When scheduling, Penn suggests choosing the transplant evaluation location that is most convenient for you. For most patients, this is the Penn Transplant Institute location closest to their home or closest to the home of a committed caregiver.

Evaluations require patients to come in to the clinic for a half day, and sometimes for a second day, depending on what other appointments might be needed. Evaluation always begins with a class so patients and their caregivers can learn more about transplant.

"The class provides essential information about transplant and statistics about survival rates and outcomes for different scenarios," Dr. Dunn says. "Patients can review the information and follow up with their own research at home."

A transplant evaluation consists of a series of appointments with members of the transplant team, including consultations with kidney specialists, transplant surgeons, social work, dietitian and the financial team.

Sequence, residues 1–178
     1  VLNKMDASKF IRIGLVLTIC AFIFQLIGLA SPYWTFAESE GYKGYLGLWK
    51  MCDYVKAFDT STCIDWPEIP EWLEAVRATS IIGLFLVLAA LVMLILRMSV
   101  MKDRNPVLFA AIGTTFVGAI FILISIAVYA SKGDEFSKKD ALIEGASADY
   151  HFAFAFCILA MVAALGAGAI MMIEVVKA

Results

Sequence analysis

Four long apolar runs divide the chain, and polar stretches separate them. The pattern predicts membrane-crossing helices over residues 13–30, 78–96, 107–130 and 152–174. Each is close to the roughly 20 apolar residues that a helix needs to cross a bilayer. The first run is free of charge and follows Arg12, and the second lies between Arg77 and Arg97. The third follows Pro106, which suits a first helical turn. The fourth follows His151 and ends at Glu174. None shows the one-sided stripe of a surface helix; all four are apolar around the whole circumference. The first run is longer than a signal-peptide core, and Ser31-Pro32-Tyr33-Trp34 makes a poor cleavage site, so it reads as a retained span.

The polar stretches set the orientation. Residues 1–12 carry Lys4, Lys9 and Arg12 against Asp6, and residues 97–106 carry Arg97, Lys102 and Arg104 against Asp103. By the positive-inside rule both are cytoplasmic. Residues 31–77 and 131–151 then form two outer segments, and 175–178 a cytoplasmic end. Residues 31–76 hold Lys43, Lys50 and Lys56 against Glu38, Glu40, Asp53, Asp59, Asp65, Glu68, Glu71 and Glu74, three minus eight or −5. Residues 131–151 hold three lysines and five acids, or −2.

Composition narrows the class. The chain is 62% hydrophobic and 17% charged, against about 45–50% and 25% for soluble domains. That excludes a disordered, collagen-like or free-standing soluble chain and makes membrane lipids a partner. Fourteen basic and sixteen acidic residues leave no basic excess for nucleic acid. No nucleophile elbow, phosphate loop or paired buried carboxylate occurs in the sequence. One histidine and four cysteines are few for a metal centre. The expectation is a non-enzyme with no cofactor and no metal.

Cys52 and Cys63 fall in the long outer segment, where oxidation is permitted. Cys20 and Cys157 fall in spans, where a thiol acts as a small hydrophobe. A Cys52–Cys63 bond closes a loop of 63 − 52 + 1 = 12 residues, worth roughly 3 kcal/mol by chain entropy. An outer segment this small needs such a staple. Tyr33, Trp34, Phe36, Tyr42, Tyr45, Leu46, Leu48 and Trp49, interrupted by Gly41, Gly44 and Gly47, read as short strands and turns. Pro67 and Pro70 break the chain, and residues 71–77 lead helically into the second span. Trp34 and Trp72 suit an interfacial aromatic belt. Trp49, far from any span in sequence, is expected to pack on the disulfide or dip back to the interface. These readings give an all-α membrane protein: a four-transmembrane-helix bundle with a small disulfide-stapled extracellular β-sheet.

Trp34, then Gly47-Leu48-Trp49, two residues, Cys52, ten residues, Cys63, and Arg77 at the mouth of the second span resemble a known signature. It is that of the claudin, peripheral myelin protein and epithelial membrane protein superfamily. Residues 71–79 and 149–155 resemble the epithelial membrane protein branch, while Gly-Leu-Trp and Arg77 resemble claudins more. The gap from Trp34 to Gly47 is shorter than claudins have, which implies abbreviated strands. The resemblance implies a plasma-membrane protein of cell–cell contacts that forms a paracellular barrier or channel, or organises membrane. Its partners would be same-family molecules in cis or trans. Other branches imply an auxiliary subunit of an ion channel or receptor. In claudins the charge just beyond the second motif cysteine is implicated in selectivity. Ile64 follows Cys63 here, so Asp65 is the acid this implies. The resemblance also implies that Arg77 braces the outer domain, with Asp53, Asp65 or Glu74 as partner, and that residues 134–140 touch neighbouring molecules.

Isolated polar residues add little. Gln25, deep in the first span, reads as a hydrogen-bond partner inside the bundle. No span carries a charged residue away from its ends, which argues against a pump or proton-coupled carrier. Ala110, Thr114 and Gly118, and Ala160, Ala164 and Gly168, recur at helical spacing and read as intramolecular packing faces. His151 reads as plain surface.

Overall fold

"The financial team is very helpful for patients. They look at things like projected monthly outpatient expenses post-transplant,." Dr. Dunn explains, pointing out, for example, that Medicare benefits for medication coverage last three years after a patient is successfully transplanted. "The financial coordinators make sure that a patient will have the means to pay for necessary medication once those benefits expire and help problem-solve insurance issues."

Social workers take part in this type of evaluation, too, discussing details like reliable transportation and medication adherence habits.

Within about a week of the evaluation, a patient's candidacy is discussed at Penn Transplant Institute's weekly patient selection meeting. A comprehensive team of providers involved in transplant care all meet to provide feedback. Sometimes additional tests are requested. Whatever the outcome, patients hear back within two weeks of their evaluation.

Taking the Next Step

An evaluation is just one to two days that could be the start of your journey toward a healthier life.

Talk to your nephrologist today. If you would prefer to speak to someone directly at Penn Medicine's Transplant Institute, call us today at 800-789-7366 or request a callback through our online form.

About this Blog

The Penn Medicine Transplant blog features short postings with news about the transplant program at Penn Medicine, notices about upcoming events and health information. Subscribe to the blog and stay connected with Penn's Transplant Program!